Dispensers -- the business category that includes pharmacies, supermarkets, and hospitals -- are under pressure to comply with the Drug Supply Chain Security Act (DSCSA) ahead of its November 27, 2023 enforcement deadline.
Their responsibilities under DSCSA include being able to receive files in the EPCIS standard, which captures a complete event history of each item it describes; the deadline also adds the requirement for items to be tracked individually (at the level of the single saleable package) rather than the lot level, a change that greatly increases the number of files exchanged.
They'll also need to form interoperable connections with their suppliers, allowing them to exchange and access data as needed for complete traceability. These vital connections, which enable companies to understand the full history and location of a given item, can take weeks or months to create, and must exist separately between each pair of trading partners.
DSCSA is designed to bring about greater patient safety in the U.S. by making all products fully traceable, and by requiring data with every product exchange. This allows instantaneous reactions to recalls, immediate recognition of diverted or dangerous products, and confirmation that each transaction is legitimate. However, pharmacies can face difficult challenges in adapting their systems for DSCSA, not least because they need to continue operating fast-paced, high-pressure public environments while onboarding these transformational changes.
Implementing full DSCSA serialization involves a number of tasks -- as mentioned above, pharmacies need to onboard EPCIS and hold interoperable connections. On top of that, the project involves managing a massive increase in data and training staff on a number of new capabilities.
Pharmacies must only accept serialized products, meaning that incoming drugs carry a unique product identifier, and is traceable at the individual package level; they also need a way to verify serialized products and process saleable returns.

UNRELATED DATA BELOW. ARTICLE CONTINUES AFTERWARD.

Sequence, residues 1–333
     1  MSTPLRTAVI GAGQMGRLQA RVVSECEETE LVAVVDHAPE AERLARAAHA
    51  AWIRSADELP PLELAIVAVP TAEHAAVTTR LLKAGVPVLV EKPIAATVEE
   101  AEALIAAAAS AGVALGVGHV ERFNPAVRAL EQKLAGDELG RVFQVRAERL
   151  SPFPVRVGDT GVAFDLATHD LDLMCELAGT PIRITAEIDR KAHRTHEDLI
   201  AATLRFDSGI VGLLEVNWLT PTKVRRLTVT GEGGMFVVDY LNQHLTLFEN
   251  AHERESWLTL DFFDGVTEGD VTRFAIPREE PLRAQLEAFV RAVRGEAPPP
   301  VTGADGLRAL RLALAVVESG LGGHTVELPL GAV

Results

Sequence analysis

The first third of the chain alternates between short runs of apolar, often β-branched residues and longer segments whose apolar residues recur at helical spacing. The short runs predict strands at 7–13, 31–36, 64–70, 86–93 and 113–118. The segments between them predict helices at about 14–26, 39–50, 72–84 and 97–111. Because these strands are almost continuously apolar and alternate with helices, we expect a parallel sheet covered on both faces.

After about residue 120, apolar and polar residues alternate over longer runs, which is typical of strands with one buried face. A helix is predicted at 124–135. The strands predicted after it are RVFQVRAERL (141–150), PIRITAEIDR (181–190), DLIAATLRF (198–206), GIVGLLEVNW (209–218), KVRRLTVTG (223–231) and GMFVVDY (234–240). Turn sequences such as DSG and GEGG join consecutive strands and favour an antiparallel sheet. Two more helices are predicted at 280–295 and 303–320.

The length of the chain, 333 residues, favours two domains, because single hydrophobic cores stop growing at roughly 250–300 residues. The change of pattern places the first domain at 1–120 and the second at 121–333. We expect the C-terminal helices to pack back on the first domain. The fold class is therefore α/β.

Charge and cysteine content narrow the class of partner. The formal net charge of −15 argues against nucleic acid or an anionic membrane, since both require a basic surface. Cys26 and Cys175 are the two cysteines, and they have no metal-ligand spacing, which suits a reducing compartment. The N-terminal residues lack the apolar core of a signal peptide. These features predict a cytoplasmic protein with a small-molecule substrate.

They cannot complete a product exchange without having received data before, or at the time of, the transaction. As well, if the data is incomplete or missing, or doesn't match the products they receive (including situations where a package's label is damaged or unreadable), they cannot accept the product -- instead, they'll need to quarantine it while they determine its legitimacy.
Further, the law states that they must have processes in place to investigate suspect or illegitimate products, and report illegitimate products to the FDA and their immediate trading partners. They'll also need to retain transaction data for six years.
The most important recommendation we can make is to start early -- LSPedia’s mission is to make DSCSA compliance easy and stress-free for any pharmaceutical trading partner, but the closer November 2023 is, the more pressure you’ll be under. Waiting until late in the year is a massive risk that affects all of your customers and trading partners, not to mention your staff.
In addition to rolling out a DSCSA solution, you’ll need your team to have internalized what it means at the level of everyday business. Are you able to explain DSCSA to your workforce, and ensure there’s broad understanding of how your solutions work with your company’s existing processes and business needs?
You may want to consider creating your own in-house DSCSA experts. LSPedia’s two-day DSCSA training sessions provides interactive, hands-on experience under the guidance of experts in FDA compliance, and limited class sizes enable the sessions to be customized to your organization’s needs.
A slowdown in receiving prescription drugs for your patients just isn’t an option. Implementing DSCSA shouldn’t create extra checks and labor before you can complete a transaction; rather, it should be part and parcel of your supply chain operations, and work seamlessly with your existing systems. For example, LSPedia’s Investigator for Exceptions Management is built with hundreds of GS1 data rules, serialization algorithms, and integration APIs to automatically detect the errors that can stall deliveries and guide the resolution process.